Film: Michael Clayton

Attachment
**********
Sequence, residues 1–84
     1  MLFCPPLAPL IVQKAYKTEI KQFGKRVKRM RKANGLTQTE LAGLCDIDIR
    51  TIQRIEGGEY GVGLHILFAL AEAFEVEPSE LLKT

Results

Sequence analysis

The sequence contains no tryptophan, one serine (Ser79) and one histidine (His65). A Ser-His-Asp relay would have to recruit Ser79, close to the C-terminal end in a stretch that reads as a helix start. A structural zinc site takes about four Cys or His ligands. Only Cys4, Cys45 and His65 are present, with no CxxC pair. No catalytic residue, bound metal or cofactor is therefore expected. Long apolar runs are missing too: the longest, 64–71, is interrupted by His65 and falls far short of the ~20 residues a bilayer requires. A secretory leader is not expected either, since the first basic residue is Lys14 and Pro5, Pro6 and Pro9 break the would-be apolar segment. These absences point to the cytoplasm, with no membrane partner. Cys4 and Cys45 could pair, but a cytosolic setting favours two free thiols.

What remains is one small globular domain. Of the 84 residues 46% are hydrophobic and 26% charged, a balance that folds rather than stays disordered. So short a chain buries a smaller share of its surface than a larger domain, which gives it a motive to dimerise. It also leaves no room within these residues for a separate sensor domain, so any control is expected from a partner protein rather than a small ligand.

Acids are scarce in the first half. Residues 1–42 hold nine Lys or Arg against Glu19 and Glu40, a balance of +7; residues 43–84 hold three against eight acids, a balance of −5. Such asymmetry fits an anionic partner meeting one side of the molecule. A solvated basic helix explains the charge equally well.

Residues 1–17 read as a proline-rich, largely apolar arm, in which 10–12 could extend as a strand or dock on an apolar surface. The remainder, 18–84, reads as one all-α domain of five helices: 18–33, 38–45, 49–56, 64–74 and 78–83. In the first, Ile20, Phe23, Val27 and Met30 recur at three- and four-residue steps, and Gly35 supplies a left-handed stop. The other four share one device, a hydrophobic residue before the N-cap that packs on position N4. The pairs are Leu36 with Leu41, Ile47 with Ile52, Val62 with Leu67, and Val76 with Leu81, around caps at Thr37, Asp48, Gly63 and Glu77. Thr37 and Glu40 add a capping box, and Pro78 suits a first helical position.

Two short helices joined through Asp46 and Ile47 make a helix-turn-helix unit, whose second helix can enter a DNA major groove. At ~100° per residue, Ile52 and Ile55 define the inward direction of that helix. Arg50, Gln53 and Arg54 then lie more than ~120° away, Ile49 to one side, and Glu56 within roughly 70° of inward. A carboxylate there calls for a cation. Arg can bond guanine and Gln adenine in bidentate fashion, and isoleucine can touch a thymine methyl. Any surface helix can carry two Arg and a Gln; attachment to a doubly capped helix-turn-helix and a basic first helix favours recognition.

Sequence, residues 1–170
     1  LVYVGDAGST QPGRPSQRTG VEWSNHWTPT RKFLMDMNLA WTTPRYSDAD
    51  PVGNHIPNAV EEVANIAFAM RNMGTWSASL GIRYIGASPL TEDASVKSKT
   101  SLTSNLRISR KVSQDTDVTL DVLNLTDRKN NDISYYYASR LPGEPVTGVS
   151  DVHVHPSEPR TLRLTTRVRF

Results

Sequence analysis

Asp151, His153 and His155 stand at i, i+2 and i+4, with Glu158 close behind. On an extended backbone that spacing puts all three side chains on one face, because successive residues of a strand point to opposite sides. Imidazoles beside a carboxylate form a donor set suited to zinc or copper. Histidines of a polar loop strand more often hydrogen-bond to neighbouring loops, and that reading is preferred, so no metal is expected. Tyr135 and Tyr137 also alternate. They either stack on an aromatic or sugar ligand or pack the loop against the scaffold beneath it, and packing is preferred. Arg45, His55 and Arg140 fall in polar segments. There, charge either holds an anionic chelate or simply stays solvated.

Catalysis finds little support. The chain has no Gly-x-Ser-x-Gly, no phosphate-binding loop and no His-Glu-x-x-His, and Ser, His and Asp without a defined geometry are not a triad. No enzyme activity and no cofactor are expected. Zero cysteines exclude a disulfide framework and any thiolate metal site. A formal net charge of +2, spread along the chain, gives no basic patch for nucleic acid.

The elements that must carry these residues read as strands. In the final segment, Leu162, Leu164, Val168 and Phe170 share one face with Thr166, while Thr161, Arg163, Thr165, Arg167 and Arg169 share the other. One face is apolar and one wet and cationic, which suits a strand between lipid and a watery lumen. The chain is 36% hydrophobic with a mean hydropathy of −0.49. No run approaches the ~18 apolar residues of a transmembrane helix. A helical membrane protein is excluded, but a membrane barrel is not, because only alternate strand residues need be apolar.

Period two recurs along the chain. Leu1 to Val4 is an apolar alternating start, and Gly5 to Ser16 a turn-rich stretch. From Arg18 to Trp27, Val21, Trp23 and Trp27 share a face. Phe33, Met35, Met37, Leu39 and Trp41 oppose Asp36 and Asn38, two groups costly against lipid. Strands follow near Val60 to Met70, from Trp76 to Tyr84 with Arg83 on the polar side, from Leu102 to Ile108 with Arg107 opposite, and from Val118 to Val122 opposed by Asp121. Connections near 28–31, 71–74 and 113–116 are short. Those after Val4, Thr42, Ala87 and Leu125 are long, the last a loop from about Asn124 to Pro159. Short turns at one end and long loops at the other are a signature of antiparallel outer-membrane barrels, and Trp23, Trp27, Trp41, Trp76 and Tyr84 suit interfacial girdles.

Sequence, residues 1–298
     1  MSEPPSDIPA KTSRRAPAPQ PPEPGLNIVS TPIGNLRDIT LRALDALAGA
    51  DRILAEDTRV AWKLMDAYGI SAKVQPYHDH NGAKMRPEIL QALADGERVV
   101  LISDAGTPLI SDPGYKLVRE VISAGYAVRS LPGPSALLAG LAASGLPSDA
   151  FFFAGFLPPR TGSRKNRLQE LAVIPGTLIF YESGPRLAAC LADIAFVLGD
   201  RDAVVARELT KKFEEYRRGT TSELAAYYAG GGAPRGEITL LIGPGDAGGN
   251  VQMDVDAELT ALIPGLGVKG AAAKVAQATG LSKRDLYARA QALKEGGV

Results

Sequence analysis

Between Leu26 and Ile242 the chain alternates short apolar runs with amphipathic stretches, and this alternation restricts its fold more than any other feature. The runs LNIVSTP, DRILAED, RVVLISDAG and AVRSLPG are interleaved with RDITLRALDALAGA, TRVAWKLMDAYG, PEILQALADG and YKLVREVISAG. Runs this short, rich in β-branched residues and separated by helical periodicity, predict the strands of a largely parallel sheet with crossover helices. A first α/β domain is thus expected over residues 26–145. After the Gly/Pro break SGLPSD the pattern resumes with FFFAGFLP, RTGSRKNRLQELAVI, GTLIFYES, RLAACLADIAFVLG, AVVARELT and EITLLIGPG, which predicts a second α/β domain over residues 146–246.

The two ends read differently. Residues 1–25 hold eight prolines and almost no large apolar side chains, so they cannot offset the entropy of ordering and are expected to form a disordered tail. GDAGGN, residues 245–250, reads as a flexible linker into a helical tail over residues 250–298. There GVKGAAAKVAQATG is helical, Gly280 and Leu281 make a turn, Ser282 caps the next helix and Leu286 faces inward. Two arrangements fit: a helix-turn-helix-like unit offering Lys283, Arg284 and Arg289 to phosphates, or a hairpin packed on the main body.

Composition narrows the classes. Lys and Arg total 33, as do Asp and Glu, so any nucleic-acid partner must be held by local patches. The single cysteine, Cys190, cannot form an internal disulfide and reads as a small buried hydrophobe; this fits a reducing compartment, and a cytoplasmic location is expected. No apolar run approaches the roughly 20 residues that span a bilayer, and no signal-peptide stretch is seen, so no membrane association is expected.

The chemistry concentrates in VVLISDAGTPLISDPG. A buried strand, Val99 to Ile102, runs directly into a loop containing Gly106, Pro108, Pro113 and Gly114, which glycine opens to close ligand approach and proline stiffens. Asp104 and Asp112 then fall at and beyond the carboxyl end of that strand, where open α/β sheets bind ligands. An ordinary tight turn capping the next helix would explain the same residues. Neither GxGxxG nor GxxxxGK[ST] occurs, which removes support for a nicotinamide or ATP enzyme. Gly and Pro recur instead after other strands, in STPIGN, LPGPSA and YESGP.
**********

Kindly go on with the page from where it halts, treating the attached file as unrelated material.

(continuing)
Michael Clayton 4 starsStarring George Clooney, Tom Wilkinson, Tilda Swinton, Sydney Pollack and Pamela Gray. Directed by Tony Gilroy. Released by Warner Bros. Rated R; 2:00. Tony Gilroy’s “Michael Clayton” is one of my favorite films of the year. Gilroy has already made a mark this year by writing “The Bourne Ultimatum,” but “Michael Clayton” is his directorial debut, and he does not disappoint. He and his star George Clooney make the game look all too easy. Clooney plays the title character, a divorced, rapidly burning-out attorney. If Clayton has not yet made partner at his New York law firm, it has not been for lack of trying. He is the guy the bigwigs call when they have work too dirty to touch or when problems must be made to simply go away. Clayton’s current assignment involves reining in a colleague (Tom Wilkinson, in fine form as always) who has stopped taking his meds and is evidently losing his mind in the middle of an important trial. That is not the extent of Clayton’s troubles. He also has opposing counsel — in the form of the seriously frightening Tilda Swinton — on his case. Then there is his boss (Sydney Pollack) applying pressure from above. “Michael Clayton” harkens back in the best possible way to the paranoid political and legal thrillers of the 1970s and early ’80s. Here can be found echoes of “All the President’s Men,” “The Parallax View” and, most especially, Sidney Lumet’s “The Verdict.” Who gets credit for this considerable achievement? Certainly director Gilroy has done a fine job. With his writing and the superlative camera work by Robert Elswit, it is hard to find an obvious flaw. Serious kudos must also go to Clooney, though. Not since the heyday of Jack Nicholson (or even Bogart) has an actor succeeded so brilliantly even while playing essentially the same character again and again. George is on a roll, and nothing seems likely to stop him.